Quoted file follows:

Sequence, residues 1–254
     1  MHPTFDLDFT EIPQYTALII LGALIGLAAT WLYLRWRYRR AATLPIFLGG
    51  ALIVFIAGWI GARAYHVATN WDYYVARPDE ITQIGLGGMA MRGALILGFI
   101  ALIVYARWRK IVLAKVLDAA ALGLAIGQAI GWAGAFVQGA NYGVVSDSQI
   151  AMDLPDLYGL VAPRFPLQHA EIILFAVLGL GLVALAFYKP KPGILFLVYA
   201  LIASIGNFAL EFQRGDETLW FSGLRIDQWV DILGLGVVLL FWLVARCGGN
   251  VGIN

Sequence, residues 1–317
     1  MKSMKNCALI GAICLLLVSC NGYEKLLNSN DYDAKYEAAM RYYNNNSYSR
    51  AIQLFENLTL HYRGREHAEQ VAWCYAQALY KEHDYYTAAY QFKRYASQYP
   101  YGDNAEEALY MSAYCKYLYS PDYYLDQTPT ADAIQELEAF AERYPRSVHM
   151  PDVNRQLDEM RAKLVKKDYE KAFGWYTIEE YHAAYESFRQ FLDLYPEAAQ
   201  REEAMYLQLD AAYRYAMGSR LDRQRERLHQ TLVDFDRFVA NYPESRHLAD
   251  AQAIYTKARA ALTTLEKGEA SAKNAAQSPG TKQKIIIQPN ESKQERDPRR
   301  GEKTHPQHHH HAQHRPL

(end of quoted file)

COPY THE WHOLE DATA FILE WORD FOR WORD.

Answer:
Sequence, residues 1–254
     1  MHPTFDLDFT EIPQYTALII LGALIGLAAT WLYLRWRYRR AATLPIFLGG
    51  ALIVFIAGWI GARAYHVATN WDYYVARPDE ITQIGLGGMA MRGALILGFI
   101  ALIVYARWRK IVLAKVLDAA ALGLAIGQAI GWAGAFVQGA NYGVVSDSQI
   151  AMDLPDLYGL VAPRFPLQHA EIILFAVLGL GLVALAFYKP KPGILFLVYA
   201  LIASIGNFAL EFQRGDETLW FSGLRIDQWV DILGLGVVLL FWLVARCGGN
   251  VGIN

Sequence, residues 1–317
     1  MKSMKNCALI GAICLLLVSC NGYEKLLNSN DYDAKYEAAM RYYNNNSYSR
    51  AIQLFENLTL HYRGREHAEQ VAWCYAQALY KEHDYYTAAY QFKRYASQYP
   101  YGDNAEEALY MSAYCKYLYS PDYYLDQTPT ADAIQELEAF AERYPRSVHM
   151  PDVNRQLDEM RAKLVKKDYE KAFGWYTIEE YHAAYESFRQ FLDLYPEAAQ
   201  REEAMYLQLD AAYRYAMGSR LDRQRERLHQ TLVDFDRFVA NYPESRHLAD
   251  AQAIYTKARA ALTTLEKGEA SAKNAAQSPG TKQKIIIQPN ESKQERDPRR
   301  GEKTHPQHHH HAQHRPL